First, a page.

Festivals continue to be cancelled, even those scheduled for after 19 July, such as Womad, because the Government still have not published any guidance about sector reopening. They were forced into publishing the results of the events research programme last week after our urgent question, but they are also briefing to the press that nightclubs, for example, are going to reopen with no testing or proof of vaccine requirements. Businesses have had 15 long months of this chaos. The Secretary of State will not confirm insurance now and he will not publish guidance, so will he explain how festivals and live events scheduled for after 19 July can go ahead?
As I have said previously, we are making very good progress towards 19 July. Given that the evidence is suggesting that despite rising infections, we are breaking the linkage to hospitalisations and deaths, I really do hope and expect that we will be able to have that full reopening from 19 July. We have always said that we would clarify and confirm that at least a week in advance, which would be by 12 July. Festivals have benefited from millions of pounds of wider support through the culture recovery fund, and, of course, at least one of our events research programme pilots is in relation to a festival.
The shared rural network will eliminate the partial notspots across huge swathes of the country, particularly in Yorkshire and the Humber; it will take the region from 95% to 99% coverage from at least one operator, and from 81% to 90% coverage from all four operators. I know how hard my hon. Friend has been working on this issue, and I look forward to working with him to continue that progress.
We are 100% aware of the importance of the UK’s creative and cultural industries, and the importance of musicians and performers being able to tour easily abroad. We have moved with great urgency to provide the clarity that they need about the current position. Through our engagement with member states, we have established that at least 17 of the 27, including France, Germany and Italy—some of the biggest economic contributors—do allow visa and permit-free touring. We continue to talk to the others.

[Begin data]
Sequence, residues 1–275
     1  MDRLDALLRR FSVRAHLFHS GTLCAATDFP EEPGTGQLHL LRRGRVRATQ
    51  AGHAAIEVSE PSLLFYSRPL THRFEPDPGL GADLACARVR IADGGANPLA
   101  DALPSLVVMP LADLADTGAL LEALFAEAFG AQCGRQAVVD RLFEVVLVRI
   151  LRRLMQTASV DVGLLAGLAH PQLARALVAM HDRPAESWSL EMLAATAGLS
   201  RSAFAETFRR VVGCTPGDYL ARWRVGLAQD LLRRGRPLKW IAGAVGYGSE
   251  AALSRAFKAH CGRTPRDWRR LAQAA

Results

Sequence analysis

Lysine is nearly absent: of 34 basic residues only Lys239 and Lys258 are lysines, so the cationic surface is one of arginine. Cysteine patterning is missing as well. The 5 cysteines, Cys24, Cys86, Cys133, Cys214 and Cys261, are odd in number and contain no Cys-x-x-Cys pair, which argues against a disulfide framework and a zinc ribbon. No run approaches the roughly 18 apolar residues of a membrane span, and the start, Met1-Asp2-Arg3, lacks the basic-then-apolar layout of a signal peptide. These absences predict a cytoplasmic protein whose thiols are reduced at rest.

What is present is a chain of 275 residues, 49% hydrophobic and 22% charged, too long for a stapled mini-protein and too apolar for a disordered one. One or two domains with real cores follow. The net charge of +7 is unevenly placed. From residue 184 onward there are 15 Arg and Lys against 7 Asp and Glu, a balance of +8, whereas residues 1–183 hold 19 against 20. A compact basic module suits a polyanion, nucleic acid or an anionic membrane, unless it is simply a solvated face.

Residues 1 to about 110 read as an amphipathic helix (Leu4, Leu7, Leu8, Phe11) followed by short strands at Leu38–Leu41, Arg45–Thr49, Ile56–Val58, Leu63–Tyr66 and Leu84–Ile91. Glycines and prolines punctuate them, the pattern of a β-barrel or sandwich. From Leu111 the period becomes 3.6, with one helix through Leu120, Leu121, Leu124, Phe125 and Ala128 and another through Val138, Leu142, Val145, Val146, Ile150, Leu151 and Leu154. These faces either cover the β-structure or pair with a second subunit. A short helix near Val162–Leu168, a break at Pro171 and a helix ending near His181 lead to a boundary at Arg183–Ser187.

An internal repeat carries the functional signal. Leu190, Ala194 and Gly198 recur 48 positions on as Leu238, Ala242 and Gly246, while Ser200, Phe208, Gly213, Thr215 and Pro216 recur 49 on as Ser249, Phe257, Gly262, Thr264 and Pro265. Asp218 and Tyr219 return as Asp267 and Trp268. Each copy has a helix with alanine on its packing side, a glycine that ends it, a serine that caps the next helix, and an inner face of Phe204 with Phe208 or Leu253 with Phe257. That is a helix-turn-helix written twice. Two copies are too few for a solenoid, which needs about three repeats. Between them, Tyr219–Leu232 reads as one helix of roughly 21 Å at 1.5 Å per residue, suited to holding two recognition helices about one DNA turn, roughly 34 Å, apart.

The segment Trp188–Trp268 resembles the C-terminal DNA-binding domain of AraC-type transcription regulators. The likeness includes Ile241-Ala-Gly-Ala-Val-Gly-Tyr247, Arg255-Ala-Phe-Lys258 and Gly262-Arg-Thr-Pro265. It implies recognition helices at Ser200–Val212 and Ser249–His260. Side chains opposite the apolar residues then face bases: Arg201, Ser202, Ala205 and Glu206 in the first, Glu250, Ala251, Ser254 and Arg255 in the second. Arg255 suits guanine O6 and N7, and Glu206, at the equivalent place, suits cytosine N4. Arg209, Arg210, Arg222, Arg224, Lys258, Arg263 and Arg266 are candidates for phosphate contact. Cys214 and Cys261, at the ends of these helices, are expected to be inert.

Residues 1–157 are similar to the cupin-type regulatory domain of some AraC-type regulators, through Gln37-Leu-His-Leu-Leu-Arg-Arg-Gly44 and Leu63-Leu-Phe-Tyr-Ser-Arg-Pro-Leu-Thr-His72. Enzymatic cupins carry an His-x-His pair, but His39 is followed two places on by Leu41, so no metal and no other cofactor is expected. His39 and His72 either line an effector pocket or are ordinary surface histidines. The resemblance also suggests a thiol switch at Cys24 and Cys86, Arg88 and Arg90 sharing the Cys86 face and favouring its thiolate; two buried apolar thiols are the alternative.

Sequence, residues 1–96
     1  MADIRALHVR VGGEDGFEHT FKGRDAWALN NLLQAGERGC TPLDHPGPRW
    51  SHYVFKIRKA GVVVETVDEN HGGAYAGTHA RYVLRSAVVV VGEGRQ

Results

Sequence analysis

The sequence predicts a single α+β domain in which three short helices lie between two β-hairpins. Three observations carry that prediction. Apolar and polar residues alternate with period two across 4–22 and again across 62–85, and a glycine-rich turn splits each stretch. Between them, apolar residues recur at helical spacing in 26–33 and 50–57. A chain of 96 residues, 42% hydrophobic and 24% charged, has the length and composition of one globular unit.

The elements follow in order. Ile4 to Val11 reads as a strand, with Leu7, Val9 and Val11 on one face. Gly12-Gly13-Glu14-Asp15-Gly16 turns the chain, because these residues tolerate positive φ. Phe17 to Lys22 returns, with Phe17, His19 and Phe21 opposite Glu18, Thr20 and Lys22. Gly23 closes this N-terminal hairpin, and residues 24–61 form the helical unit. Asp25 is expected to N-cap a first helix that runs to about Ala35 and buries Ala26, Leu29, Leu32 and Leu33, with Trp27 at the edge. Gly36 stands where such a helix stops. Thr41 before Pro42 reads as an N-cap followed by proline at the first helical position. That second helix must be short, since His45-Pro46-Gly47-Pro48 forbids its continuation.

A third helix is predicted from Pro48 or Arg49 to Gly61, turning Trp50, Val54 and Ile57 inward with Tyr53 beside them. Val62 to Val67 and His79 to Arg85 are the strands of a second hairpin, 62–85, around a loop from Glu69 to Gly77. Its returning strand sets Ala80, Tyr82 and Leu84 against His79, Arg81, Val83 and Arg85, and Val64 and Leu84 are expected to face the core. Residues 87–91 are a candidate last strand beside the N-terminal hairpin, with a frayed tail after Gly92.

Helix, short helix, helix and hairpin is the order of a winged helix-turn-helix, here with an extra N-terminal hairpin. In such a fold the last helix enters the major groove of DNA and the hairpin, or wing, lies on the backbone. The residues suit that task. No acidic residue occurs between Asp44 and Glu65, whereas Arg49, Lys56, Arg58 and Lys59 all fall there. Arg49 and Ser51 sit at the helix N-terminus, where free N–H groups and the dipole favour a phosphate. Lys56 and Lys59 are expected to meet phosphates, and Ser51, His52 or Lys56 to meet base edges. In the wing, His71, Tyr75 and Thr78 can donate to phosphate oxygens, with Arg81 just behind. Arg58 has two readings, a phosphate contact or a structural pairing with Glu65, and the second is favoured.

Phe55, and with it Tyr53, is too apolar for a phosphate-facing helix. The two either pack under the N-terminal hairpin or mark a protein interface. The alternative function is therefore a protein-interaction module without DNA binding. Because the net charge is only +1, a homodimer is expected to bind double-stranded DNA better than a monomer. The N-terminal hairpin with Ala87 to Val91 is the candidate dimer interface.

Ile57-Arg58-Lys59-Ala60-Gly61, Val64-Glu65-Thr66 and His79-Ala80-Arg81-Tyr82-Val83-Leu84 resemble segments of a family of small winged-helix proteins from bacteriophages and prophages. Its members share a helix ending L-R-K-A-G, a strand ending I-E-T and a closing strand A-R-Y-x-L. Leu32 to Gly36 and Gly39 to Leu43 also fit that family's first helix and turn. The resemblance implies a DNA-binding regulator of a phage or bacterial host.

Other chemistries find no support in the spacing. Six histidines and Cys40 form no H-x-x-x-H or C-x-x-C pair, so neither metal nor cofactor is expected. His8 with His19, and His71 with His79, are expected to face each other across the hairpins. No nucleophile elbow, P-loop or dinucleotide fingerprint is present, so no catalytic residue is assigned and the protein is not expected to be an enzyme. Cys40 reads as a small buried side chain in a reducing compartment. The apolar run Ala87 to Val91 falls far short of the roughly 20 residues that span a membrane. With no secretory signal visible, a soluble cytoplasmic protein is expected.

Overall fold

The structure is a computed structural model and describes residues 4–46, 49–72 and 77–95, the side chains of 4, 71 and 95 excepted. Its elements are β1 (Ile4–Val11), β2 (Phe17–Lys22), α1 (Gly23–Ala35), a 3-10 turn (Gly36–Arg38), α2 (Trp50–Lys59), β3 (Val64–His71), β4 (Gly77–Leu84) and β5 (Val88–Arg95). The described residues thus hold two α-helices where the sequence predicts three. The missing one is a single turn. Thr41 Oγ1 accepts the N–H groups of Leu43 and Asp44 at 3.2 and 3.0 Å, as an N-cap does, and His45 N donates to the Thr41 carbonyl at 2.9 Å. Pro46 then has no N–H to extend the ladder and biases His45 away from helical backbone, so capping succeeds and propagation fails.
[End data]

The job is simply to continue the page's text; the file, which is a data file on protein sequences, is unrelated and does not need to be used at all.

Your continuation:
I am afraid that I cannot promise the weather—I wish I could! I am delighted to join my hon. Friend in wishing all those participating in the Maccabi 24-hour football challenge the very best of luck. I have no doubt that the time will fly by if they keep top of mind the inspirational example of Harry Kane and Raheem Sterling from Tuesday’s success against Germany. This is a fantastic opportunity for volunteers to raise money for their club to refurbish a local pitch, and I understand that the FA will be matching some of the money raised. I wish him the very best of luck.
Nightclubs actually fall within the responsibility of the Department for Business, Energy and Industrial Strategy, but I am very happy to answer the question. The key thing is to get them to reopen. We are making very good progress towards doing that on 19 July. Many of the existing schemes—certainly the culture recovery fund—will continue to pay out for the coming weeks and months. Indeed, we have said that claims can be made in respect of the culture recovery fund until the end of this year, so a wide range of support remains available for our cultural institutions.
The youth investment fund aims to level up access to youth provision over the course of this Parliament, but £30 million has already been committed as capital funding in 2021-22. That will provide investment in new and refurbished safe spaces for young people so that they can access support from youth workers and enjoy beneficial activities, including sport and culture. We know how valuable these facilities are, and details of the bidding process for the next rounds will be announced in due course.